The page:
I suspect that Mr. Hare’s deletions from the novel make this screenplay more satisfactorily concise than it would be with all the book’s proudly deviant detail. It is a question of some of Mr. Cunningham’s conceits not playing as well on the screen as they read on the printed page. Yet the film is not unworthy of the novelist’s graceful prose, because of the eloquent presence, physical and emotional energy, and visual vividness of even the players in the smaller parts, such as Clarissa Vaughan’s flower-shop lady, who is lifted to the heavens by the illustrious Eileen Atkins, and the self-caricaturing gay writer Louis Waters, enacted with a generous twinkle of camp mischief by Jeff Daniels.
There is also a child actor named Jack Rovello with eyes that are pools of sorrow, emotional neediness and very ominous vulnerability. Master Rovello only confirms my frequently mentioned impression that we are living in a golden age of child actors, as well as at the dawn of a new age of truly independent, original and anti-formulaic cinema, of which The Hours is only the most recent example.
Solaris: A Passionate Romance
Steven Soderbergh’s Solaris , from his own screenplay, may never find its optimum audience, because many adult viewers who would enjoy a passionate love story like this one will pass on seeing the movie because it’s being promoted as science fiction, while the younger fans of sci-fi will soon sniff out the absence of action and video-game-like gadgetry and stay away in droves as well.
In the context of this marketing misadventure, it might be well to trace the origins of this non-bottom-line project in Andrei Tarkovsky’s three-hour 1972 Russian sci-fi film, adapted from Stanislaw Lem’s novel, which like Stanley Kubrick and Arthur C. Clarke’s 2001: A Space Odyssey (1968) is as much, if not more, about inner space as outer space.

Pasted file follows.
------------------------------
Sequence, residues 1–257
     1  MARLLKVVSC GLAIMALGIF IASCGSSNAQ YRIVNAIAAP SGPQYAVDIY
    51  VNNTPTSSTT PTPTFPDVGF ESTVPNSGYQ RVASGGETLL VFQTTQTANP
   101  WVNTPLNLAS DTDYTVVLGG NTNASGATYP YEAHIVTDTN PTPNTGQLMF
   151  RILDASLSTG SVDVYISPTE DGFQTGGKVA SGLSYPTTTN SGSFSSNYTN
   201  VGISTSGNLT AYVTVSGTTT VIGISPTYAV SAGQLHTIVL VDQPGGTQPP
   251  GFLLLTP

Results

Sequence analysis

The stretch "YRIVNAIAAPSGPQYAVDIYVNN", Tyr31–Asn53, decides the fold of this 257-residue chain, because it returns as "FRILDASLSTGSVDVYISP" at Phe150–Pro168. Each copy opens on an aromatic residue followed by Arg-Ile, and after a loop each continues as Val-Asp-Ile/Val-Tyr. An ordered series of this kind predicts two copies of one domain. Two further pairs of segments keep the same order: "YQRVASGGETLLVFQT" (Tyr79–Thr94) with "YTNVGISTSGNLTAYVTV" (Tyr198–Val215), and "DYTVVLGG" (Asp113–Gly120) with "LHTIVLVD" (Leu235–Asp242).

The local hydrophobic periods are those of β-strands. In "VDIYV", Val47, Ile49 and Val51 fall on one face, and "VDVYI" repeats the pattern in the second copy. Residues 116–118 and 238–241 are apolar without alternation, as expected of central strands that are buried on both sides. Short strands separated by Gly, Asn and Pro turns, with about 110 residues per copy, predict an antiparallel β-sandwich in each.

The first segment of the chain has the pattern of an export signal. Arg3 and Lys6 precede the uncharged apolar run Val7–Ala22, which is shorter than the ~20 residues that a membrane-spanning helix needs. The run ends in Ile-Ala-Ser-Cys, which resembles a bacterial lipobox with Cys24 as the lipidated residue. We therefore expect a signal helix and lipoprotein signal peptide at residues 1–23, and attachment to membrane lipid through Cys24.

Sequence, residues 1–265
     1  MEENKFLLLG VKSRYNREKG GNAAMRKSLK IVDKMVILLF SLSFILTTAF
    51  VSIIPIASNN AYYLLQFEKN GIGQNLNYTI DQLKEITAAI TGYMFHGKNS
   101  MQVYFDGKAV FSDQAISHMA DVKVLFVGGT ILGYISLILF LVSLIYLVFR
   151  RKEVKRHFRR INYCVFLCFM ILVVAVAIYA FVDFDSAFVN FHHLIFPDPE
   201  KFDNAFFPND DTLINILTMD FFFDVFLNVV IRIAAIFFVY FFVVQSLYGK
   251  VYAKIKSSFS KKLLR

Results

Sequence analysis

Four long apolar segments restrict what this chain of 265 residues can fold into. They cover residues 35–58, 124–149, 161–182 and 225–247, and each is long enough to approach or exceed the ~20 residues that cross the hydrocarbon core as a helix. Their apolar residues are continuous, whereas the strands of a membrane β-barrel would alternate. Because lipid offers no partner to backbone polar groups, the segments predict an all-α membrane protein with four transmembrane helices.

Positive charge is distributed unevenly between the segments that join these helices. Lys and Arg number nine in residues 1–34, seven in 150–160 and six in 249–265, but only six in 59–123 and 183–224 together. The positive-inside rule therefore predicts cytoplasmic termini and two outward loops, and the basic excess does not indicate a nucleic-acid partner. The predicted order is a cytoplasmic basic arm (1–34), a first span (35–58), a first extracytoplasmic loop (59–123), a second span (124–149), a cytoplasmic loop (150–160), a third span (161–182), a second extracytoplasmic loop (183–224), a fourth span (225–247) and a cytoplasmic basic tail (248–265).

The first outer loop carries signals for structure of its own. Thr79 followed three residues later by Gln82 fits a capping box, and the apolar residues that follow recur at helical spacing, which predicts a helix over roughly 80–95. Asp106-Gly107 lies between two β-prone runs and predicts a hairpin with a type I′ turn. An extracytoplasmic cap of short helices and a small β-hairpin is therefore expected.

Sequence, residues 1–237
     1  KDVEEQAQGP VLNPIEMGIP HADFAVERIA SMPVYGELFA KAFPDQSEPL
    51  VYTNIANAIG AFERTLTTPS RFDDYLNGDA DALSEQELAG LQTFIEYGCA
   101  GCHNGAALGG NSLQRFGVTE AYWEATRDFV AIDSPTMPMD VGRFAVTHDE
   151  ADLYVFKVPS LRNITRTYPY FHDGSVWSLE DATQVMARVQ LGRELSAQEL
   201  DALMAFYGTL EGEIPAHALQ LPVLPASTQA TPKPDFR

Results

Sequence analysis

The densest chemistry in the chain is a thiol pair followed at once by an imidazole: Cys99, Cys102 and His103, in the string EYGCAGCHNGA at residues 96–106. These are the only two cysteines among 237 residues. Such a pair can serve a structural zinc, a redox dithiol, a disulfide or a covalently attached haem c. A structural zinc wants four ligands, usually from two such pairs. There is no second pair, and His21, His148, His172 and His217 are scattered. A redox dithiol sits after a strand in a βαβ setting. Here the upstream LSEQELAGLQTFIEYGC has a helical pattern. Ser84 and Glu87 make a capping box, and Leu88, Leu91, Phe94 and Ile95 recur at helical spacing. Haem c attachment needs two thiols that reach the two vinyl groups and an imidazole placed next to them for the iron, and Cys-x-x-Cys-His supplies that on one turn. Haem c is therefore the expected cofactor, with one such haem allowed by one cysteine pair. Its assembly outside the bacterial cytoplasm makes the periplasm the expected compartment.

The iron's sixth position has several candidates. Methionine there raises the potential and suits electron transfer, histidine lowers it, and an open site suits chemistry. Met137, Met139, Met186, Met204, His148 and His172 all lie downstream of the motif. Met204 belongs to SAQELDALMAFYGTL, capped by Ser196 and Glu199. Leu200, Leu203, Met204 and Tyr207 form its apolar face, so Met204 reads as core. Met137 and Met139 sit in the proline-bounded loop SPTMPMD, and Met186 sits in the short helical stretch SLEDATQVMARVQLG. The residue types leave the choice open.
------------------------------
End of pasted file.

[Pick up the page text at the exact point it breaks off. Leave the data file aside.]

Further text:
Curiously, Tarkovsky (1932-1986) reportedly intended his Solaris to serve as a warmly humanist rebuke to the perceived coldness and emotional sterility of 2001 . The Tarkovsky Solaris is excitedly speculative about its subject, with frequent references to Tolstoy, Dostoyevsky and Cervantes among the many cultural commentators who have viewed humankind’s quest for new worlds as an expensive effort to reconfirm the human race’s collective mind as the sole consciousness of the cosmos. But the love story in the earlier Solaris is bloodlessly cerebral next to the visceral romanticism in the Soderbergh Solaris .
As the production notes tell us, Soderbergh was approached by an executive at Twentieth Century Fox to undertake any science-fiction project he wanted. Mr. Soderbergh replied that he was not particularly interested in the genre itself, but would consider doing a new version of Solaris , having both read the novel and seen the original movie. “As fate would have it,” the production notes continue, “Lightstorm Entertainment, which has a deal at Fox, held the rights to the seminal works. Lightstorm’s James Cameron, Rae Sanchini and Jon Landau had spent five years securing deals with both the author and the Russian governmental organization Mosfilm, which owns the 1972 Russian film based on the novel, directed by Andrei Tarkovsky.
“Soderbergh met with Cameron, Landau and Sanchini over dinner to discuss Solaris . ‘I told them I had an idea of how to do this,’ Soderbergh recalls, ‘but I wanted to write the screenplay on spec; I didn’t want to make a deal to do it. I explained my approach and what I wanted to focus on and the ways in which I thought it would be different from the book and from Tarkovsky’s movie.'”
The biggest difference in the two movies is between the nebbishy-looking male protagonist in the Tarkovksy and action-hero-like George Clooney as the widower Kelvin, who finds his dead wife apparently alive on the possibly malignant oceanic planet of Solaris. There is also a new back story concerning Kelvin’s life on earth with Rheya before she committed suicide. In this respect, Mr. Soderbergh’s screenplay is closer to the Lem novel than to the Tarkovsky film.